A low Canadian dollar has Canadians changing travel plans.
Popular destinations like Las Vegas, Hawaii and Southern California may not be on the holiday agenda for Canadians thanks to a plunging loonie. That’s why some U.S. tourism operators are stepping up their game by providing attractive incentives.
Travel expert Claire Newell from Travel Best Bets says, “You’ll see marketing campaigns all over the Lower Mainland, on SkyTrains, at airports. They want our business because they are suffering.”
So, expect to see more deals. Tourism operators say since September they’ve seen four or five seat sales offered by major airlines. That’s more than normal. Across the border, Allegiant Air and Alaska Airlines have dropped fares by almost half for many flights compared to last year. The catalyst? Fewer B.C. licence plates parked at the Bellingham Airport.
The Bellingham Herald reported the Port of Bellingham is now looking at ways to adjust to the low numbers by increasing market support for existing airlines.
“We are seeing fares to Los Angeles for $50 one-way, but keep in mind those numbers are in U.S. dollars and it’s a low-cost carrier. Once you add in taxes, it may not be worth it,” Newell said.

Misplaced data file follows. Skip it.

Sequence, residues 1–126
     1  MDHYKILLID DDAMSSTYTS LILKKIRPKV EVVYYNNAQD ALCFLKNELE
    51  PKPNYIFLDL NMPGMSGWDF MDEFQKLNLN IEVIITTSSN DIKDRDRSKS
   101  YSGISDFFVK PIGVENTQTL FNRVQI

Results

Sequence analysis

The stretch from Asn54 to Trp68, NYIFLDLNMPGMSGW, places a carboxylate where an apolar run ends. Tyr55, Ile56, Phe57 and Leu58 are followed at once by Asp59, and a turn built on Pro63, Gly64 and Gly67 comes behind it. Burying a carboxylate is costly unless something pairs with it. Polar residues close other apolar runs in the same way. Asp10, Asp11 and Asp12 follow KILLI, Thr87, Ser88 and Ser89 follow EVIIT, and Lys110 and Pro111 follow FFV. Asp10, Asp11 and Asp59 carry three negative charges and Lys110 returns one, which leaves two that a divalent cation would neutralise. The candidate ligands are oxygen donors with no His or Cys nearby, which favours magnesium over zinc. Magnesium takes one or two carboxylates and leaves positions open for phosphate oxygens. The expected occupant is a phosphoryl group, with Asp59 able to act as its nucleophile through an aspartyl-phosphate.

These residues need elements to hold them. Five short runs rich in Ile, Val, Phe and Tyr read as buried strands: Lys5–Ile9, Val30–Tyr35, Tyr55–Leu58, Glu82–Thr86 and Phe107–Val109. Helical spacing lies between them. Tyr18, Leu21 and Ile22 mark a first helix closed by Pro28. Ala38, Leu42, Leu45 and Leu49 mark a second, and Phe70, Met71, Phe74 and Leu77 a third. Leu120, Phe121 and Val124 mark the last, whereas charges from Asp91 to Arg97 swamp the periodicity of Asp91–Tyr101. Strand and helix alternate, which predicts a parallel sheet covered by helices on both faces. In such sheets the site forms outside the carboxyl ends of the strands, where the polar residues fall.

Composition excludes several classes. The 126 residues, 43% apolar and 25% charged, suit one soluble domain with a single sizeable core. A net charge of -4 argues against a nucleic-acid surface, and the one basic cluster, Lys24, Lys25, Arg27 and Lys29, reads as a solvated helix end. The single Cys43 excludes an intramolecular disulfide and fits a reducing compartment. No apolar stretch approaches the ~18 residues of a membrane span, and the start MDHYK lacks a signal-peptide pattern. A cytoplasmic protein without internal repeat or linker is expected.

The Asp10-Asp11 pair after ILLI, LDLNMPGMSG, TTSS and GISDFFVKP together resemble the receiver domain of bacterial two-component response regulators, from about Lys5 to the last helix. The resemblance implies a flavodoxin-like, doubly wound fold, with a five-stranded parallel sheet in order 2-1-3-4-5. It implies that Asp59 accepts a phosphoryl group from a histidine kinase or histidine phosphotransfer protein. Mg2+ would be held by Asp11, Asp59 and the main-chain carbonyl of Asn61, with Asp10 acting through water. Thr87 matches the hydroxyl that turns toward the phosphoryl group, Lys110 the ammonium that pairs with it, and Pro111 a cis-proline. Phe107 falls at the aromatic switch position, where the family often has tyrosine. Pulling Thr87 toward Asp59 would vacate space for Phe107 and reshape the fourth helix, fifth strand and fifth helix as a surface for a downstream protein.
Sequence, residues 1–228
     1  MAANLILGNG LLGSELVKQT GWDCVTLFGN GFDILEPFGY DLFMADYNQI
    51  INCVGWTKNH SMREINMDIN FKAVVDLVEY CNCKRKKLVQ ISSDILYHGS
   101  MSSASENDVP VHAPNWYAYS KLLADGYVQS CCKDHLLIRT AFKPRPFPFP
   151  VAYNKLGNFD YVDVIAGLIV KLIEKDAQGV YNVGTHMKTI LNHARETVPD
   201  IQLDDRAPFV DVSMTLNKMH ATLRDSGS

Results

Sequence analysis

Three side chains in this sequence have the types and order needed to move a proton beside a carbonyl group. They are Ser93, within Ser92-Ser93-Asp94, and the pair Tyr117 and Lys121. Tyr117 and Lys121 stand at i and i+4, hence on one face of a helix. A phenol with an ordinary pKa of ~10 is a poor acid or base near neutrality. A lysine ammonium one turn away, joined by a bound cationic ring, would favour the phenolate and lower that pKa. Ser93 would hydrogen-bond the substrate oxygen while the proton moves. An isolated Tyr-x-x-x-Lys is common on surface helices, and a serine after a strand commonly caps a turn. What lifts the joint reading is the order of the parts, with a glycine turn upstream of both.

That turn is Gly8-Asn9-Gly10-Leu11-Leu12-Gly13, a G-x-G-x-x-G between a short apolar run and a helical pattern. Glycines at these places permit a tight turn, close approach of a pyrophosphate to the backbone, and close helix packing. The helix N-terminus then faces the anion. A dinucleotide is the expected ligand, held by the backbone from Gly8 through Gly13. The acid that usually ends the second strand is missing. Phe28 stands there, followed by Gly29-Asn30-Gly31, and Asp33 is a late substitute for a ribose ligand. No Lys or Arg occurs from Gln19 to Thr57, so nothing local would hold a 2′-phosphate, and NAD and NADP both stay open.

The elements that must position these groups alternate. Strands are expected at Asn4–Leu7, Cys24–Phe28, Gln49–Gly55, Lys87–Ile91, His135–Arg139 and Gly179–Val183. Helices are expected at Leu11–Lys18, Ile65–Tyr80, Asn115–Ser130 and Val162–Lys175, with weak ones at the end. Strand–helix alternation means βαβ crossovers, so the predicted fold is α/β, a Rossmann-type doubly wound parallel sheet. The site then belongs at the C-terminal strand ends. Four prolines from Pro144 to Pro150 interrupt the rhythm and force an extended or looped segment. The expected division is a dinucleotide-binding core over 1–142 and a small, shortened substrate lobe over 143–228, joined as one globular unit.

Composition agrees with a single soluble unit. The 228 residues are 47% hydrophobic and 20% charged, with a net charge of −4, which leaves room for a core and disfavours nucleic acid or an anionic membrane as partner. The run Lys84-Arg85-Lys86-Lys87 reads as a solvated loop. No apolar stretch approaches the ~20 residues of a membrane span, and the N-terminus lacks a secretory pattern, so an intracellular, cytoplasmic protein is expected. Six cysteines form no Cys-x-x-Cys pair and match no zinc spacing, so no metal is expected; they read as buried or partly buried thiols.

She adds there are deals for Hawaii in January and February that are enticing, especially because it’s peak season.
“We are seeing Kauai packages for air and seven nights in a four-star hotel for $899 plus about $250 tax. Last year, it was $1,500 plus tax. So, the prices are dropping because hoteliers need to attract Canadian residents because that’s who typically fills those seats.”
Even cruise lines are hoping to avoid choppy waters by throwing in more perks. Cruise Holidays of Port Coquitlam owner Barbara Young says some cruise lines are honouring a better exchange rate, while others are offering unlimited beverage packages. Young says that’s not unheard of, but unusual.
Travel experts say if you decide to travel to a U.S. destination, know the total cost of the trip before you go. If you are looking for a great deal, check out a number of travel websites, get a good travel agent involved and be flexible.
“If you see a one-day seat sale, jump on it. The lowest prices sell out first,” says Newell.
© 2016 Shaw Media